If I were to sum things up rather quickly while describing this variation of Boost…protective court feel. Nuff said.


Materials – Like other adidas models, the materials featured will vary with each colorway. The initial launch colorway that we tested features a knitted mesh that has nylon backing it for reinforcement. I enjoyed the setup quite a bit as it was featured as the main body of the shoe. Basically, where we don’t need any flex. It is stiffer than Primeknit, even though it breaks in nicely, so if you wanted a more plush upper then wait for the $160 Primeknit options which are coming soon.

The toe features an independent toe cap — located exactly where you need some flex — and it’ll be constructed of premium leather or suede. This area allows for greater range of motion that is unrestricted by any other material while still containing the foot upon lateral movements — or what I like to call stress zones. It’s a feature I absolutely loved in the Air Jordan 2010, Nike Zoom Soldier 3, and now the adidas Harden Vol. 1. This type of overlay at the toe should be featured more often; it’s highly underutilized and underrated.


Fit – Wide footers, you’re going to enjoy these when going true to size. For everyone else, you’ll enjoy the fit going true to size due to the way the body of the shoe locks you in, but if you really want a contained fit then I’d recommend going down 1/2 size.

Lockdown, as mentioned above, is awesome. The asymmetrical lacing feature is perfect as it wraps up and around your foot. Normal lacing works perfectly fine, but tends to mainly focus on locking your foot down onto the footbed. Asymmetrical lacing focuses on ensuring the shoe and your foot become one. It’s like a bear-hug for your feet.

The rear section of the shoe fits incredibly nice as well. There is a really nicely sculpted heel that cups your Achilles while the rest of the lacing structure does all the heavy lifting — or hugging.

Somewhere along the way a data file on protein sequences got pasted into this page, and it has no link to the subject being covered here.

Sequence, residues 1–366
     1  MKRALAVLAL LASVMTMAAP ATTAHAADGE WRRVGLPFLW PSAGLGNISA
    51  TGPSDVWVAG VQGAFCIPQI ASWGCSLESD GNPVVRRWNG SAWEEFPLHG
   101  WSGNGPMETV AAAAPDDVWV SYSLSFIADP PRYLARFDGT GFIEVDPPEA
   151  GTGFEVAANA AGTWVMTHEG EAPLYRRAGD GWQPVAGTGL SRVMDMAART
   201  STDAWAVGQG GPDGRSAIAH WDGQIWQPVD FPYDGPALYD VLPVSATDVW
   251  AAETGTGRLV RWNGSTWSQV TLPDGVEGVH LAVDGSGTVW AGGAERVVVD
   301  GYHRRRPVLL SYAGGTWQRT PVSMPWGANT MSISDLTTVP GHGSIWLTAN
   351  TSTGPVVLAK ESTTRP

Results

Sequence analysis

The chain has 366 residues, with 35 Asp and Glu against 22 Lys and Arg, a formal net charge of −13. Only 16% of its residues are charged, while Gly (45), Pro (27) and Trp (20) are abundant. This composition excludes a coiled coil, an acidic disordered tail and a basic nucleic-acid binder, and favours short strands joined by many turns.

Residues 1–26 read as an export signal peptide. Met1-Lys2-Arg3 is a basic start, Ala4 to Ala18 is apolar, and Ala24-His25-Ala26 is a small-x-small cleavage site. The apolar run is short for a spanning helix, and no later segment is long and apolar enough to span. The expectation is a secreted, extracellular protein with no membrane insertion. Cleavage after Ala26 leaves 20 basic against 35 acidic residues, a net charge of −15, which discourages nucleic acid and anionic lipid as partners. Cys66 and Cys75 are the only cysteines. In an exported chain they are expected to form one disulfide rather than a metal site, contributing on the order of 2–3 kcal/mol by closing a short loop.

Support – I say this all the time, but it’s true: if everything on the shoe isn’t working together properly then support suffers immensely. Luckily, this is one of the best fitting low top shoes — much better than the CrazyLight, and I love the fit on those — that we’ve had since the Kobe 8. Actually, if you take the Kobe 8, throw on the toe of the Air Jordan 2010…add some Boost, you’ve got the Harden Vol. 1. Along with the great fit, the shoes sit very low to the ground. Your natural balance isn’t thrown off when you lace these up and they’ve widened the platform a bit which only enhances stability. Torsional support is in place with the TPU plate, an internal heel counter keeps your heel on the foot-bed, and the TPU (it’s rubbery like the Crazy Explosive) cage encases the Boost midsole to ensure you aren’t unstable at any point in the game.


Overall – Traction, cushion, materials, fit, support…the best of what adidas has to offer all on one sneaker? Reasonably priced? And they’ve been doing this all year long? You best believe it. Competition is so good for us consumers.

adidas has found a way to give us everything it’s got and fine tune each product to suit different needs. If you favor court feel and mobility then the Harden Vol. 1 has you covered. Need something a bit more plush? Crazy Explosive. Want a mix between the two? No problem, D Rose 7 has your back. Wait, you prefer lows? CrazyLight Boost 2016…basically a low top D Rose 7. You don’t like Boost? Try the D Lillard 2. Oh, yeah…did we mention every single shoe listed retails for a maximum of $160? That’s not even including coupons, discount codes, and sales that happen periodically.